There are 24-hour television stations now with arrays of shows to choose from away from the ones we grew up viewing. Cartoon networks here and now pop up obscene scenes that need parental control. They were born in the technology era, with smart phones which they use to access ready information. Gone are the days when people born in my generation looked-for jobs and, worked their way to the top and remained there until retirement.
The digital natives now are in a hurry and have an entrepreneurial outlook; they transit from one company to another. They want to work in big establishments with massive corporate headquarters; these natives having watched their parents lose jobs and suffered financial downturns are in a hurry to be in the big-league.
It is binding on the managers of the country’s affairs – those born in a different era- to not abandon the youths now because of the values which they believe in, values which are poles apart from the ones they worked with and believed in. Times are changing gradually, and with it some values. The abandonment of Nigeria’s youths because of their ideals, which by the way are values of the era they were born in, can push them to crime.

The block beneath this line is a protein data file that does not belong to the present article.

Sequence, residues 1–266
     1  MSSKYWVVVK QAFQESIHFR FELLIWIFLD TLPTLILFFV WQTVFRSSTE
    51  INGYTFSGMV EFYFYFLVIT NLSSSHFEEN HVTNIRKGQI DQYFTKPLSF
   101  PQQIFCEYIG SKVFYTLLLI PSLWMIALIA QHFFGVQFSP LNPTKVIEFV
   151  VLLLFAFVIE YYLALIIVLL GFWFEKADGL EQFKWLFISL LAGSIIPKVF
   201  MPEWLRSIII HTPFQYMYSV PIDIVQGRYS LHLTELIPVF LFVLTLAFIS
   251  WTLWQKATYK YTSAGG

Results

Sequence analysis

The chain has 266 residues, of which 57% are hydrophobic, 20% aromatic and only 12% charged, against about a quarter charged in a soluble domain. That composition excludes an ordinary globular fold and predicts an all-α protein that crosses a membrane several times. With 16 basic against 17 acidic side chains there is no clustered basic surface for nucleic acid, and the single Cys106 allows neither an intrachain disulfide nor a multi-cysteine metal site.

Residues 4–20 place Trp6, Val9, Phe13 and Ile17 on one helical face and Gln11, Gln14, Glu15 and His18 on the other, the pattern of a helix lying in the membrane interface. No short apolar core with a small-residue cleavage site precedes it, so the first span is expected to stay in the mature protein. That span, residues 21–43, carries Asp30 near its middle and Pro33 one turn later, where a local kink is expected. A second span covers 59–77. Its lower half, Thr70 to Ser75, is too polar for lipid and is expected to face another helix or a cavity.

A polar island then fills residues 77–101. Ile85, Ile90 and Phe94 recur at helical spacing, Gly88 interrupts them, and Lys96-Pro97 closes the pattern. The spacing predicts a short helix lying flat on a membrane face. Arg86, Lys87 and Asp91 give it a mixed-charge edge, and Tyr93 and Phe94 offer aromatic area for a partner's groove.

Nigeria cannot build the nation of her dreams without understanding the youths of today and what motivates them. The government should help youths to develop skills and abilities to contribute to the well-being of selves, society and the country. The understanding of each generation’s practices and preferences so as to communicate better with them for national growth cannot be exaggerated. An old adage after all has it that: “People resemble their times more than they resemble their parents.”
When I engage with youths around me I see that they have strong preferences for immediate access to information; they love to work in establishments that offer generous pay package, they abhor being startups, they learn best by observation and practice away from reading and listening and care more about money than people of my own generation.